Britain's only children's gender identity clinic to shut down

Friday, 29 July 2022 08:42 GMT

The Tavistock Centre NHS clinic is seen in London, Britain, July 28, 2022. REUTERS/Peter Nicholls

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Tavistock children’s gender clinic to shut down in favour of regional hubs, after review urged shake-up of services

By Lucy Middleton

LONDON, July 28 (Openly) - Britain's only dedicated gender identity clinic for transgender children and young people is to close, England's national health service announced on Thursday, in response to recommendations from an expert review.

The Tavistock and Portman NHS Foundation Trust has been instructed to shut down its Gender Identity Development Service (GIDS), NHS England said, which will be replaced by two regional hub services that are expected to be operational by early 2023.

It comes after the review criticised long waiting lists and raised concerns over a lack of consensus about how the health service should assess, diagnose and treat young people seeking gender services.

"The GIDS contract will be brought to a managed close once all young people being seen in GIDS or on the waiting list have been safely transferred to the new services," the Tavistock NHS trust said in a statement.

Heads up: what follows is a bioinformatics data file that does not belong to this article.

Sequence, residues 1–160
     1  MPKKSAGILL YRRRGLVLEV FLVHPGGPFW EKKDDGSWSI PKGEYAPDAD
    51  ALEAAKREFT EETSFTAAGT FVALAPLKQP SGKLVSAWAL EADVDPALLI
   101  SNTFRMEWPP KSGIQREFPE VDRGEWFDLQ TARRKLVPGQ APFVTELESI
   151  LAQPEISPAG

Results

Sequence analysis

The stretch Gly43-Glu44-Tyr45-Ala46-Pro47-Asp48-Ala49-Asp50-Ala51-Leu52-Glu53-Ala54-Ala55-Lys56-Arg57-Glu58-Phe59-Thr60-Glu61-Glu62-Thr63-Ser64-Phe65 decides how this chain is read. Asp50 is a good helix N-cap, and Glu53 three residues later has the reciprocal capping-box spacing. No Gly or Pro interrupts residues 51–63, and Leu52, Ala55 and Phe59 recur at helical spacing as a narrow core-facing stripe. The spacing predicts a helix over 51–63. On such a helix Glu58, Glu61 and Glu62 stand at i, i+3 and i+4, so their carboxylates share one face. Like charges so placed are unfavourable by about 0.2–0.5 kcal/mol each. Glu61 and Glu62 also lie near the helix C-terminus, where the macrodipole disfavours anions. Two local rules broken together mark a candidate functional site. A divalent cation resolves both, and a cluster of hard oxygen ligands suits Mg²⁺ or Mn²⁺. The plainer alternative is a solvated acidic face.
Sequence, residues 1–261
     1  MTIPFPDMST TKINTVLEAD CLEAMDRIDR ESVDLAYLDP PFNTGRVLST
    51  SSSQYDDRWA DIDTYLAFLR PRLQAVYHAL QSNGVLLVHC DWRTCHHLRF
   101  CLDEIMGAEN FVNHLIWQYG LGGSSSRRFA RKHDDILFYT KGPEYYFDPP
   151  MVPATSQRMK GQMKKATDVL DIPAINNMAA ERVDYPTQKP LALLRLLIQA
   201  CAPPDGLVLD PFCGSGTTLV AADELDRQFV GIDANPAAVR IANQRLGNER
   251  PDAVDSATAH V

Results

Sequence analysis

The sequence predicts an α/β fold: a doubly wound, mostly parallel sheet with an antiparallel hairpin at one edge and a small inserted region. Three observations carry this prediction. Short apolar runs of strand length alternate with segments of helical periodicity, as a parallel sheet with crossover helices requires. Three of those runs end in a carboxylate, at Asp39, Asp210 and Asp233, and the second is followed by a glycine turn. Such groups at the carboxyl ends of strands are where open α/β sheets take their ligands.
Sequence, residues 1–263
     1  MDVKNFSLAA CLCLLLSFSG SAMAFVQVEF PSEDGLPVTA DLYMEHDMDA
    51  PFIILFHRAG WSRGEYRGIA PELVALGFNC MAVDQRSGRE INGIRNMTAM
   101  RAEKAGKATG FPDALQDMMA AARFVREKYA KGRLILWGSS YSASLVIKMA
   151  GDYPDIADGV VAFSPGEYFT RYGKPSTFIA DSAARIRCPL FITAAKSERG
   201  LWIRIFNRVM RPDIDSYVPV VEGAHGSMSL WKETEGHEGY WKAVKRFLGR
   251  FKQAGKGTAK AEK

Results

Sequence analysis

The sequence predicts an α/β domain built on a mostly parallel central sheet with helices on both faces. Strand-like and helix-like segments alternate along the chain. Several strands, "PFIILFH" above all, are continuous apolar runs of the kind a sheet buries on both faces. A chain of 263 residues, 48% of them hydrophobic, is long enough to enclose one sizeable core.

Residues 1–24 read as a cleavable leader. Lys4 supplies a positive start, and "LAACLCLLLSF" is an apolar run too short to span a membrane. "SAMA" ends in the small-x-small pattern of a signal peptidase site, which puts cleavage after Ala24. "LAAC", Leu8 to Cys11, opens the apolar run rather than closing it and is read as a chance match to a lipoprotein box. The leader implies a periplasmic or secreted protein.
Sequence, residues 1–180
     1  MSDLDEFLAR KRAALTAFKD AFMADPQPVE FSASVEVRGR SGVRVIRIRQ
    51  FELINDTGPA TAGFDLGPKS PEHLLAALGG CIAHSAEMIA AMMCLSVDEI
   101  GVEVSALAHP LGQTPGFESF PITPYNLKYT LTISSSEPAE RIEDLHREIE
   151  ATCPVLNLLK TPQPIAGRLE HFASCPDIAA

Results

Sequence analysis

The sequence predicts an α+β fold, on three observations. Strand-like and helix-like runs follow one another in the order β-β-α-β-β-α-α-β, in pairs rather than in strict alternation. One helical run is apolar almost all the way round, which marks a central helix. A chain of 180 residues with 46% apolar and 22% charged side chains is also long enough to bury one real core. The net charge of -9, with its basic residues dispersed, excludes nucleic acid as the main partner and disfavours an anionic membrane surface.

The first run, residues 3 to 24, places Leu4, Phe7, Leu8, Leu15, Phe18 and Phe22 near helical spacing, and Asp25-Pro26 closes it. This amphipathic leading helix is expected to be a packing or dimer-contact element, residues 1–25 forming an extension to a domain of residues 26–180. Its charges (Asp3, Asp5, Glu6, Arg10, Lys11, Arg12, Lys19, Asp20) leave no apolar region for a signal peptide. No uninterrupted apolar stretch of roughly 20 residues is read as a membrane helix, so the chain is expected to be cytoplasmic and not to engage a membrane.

The Tavistock clinic has faced ballooning waiting lists as the number of young people looking for support over their gender grew. There were over 5,000 referrals to GIDS in 2021-22, compared to 250 in 2011-12, NHS England said.

The clinic has also been at the centre of high-profile legal battles over at what age children should be allowed to access puberty-blocking drugs, with a court last year overturning a ruling that restricted under-16s' access to the treatment.

An ongoing review into child and youth gender identity services by Dr Hilary Cass, a senior pediatrician, had called for a shake-up of the system.

The review raised concerns about the Tavistock's ability to respond to increasing demand for gender identity services, and called for a move away from a single provider model in favour of regional services.

Regional hubs should have a range of specialists that could better provide holistic care, the review found, and lead research to support clinical decision making.

"We are now able to start building a more resilient service by expanding provision and enhancing the focus on quality in terms of clinical effectiveness, safety, and patient experience," said NHS England.

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(Reporting by Lucy Middleton; editing by Sonia Elks. Please credit the Thomson Reuters Foundation, the charitable arm of Thomson Reuters, that covers the lives of people around the world who struggle to live freely or fairly. Visit

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